The book gives the reader such a rich and wonderful image of New York in the early 20th century. Did so familiar with “old” New York changed your perception of its present?
I’ve lived in New York City since 1998, and first visited here in 1989 to go to a show at CBGBs, so I have seen it be a much rougher place. The Bowery in 1989 certainly felt more like the Bowery in my book, as opposed to the Bowery we have now. But I think what I learned most from writing Saint Mazie is that this city is destined to repeat itself. In my research I saw all these cycles of the city building and destroying and rebuilding again, moving around the impoverished as if they were checker pieces, and not human beings. But also I found examples of the people of this city coming together to care for each other in extreme and beautiful ways. And I still see all of that now, and there are certainly patterns of it in every decade of the last hundred years, give or take. We are doomed to build and destroy.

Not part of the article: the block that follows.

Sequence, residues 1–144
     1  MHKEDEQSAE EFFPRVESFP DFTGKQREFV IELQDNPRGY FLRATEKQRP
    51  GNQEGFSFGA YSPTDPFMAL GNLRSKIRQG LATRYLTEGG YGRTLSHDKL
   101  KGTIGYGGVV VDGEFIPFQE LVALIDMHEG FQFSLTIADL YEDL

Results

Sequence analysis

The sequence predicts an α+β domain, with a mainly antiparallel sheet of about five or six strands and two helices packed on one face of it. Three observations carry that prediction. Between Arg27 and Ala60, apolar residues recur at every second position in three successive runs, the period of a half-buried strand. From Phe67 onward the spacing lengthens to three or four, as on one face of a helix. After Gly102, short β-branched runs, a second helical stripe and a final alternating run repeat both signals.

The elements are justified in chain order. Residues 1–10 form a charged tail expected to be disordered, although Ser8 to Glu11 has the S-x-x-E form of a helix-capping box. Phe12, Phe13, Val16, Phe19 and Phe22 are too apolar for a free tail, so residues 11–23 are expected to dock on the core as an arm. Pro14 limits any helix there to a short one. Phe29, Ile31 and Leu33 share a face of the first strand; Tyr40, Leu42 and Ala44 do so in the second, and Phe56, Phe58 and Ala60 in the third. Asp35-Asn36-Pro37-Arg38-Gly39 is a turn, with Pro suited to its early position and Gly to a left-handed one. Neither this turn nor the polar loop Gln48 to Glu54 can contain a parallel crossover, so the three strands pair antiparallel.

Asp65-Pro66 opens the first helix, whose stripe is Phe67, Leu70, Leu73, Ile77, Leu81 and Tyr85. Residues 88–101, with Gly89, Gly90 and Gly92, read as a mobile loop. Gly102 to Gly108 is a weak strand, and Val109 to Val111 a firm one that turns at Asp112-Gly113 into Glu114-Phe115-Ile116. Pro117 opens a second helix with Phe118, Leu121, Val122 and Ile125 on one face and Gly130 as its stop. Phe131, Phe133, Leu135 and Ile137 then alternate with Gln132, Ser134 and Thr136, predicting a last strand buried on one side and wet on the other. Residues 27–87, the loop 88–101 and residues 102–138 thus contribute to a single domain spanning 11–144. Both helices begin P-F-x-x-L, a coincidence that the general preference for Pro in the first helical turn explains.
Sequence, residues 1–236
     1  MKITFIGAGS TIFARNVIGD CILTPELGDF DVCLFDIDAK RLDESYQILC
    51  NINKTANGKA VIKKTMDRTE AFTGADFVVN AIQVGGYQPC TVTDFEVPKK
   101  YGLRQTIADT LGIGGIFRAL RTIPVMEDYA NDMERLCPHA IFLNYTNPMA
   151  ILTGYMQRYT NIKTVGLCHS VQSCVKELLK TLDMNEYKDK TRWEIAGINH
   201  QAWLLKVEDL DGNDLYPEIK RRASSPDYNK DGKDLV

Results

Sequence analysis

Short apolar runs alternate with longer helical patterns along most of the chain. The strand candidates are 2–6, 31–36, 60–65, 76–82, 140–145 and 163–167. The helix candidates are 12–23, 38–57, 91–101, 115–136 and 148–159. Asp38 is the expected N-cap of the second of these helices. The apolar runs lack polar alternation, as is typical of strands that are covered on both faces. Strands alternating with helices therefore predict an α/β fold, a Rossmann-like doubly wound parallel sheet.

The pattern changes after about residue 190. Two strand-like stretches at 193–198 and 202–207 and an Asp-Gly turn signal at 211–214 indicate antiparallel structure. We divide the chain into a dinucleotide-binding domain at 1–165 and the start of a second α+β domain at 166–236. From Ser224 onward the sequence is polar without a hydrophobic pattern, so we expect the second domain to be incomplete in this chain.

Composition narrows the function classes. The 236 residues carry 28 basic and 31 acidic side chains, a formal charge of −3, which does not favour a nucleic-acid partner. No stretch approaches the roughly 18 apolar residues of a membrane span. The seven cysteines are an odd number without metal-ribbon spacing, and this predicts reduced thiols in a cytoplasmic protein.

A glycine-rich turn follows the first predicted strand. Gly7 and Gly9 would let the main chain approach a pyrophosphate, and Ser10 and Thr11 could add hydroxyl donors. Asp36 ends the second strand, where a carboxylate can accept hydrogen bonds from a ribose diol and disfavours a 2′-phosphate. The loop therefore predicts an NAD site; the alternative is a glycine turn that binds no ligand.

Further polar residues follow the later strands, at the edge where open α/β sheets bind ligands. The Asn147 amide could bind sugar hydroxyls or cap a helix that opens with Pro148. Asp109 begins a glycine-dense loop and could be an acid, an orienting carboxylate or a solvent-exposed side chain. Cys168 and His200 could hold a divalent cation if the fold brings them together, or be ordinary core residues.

I love when Mazie responds to something by saying, simply, “Scram.” How did you familiarize yourself with the language and vocabulary of the time?
The source text was quite helpful, and not just the original essay about Mazie, but the entire collection of Up in the Old Hotel. I watched a few movies, including this wonderful documentary, “On the Bowery.” It’s sort of half documentary, half fiction, about bums in New York City, and it takes place a bit later, in the 1950s, but there were bits and pieces of the way those guys talked that were helpful to me. I found myself writing down words here and there that I liked, that I thought Mazie would use, and I would just pluck one from the list whenever I wanted to spice up the scene, remind the reader of where they were. I didn’t want to overdo it though! I didn’t want it to sound too old-timey. Because in real life our vocabulary is always a mix of slang and standard English.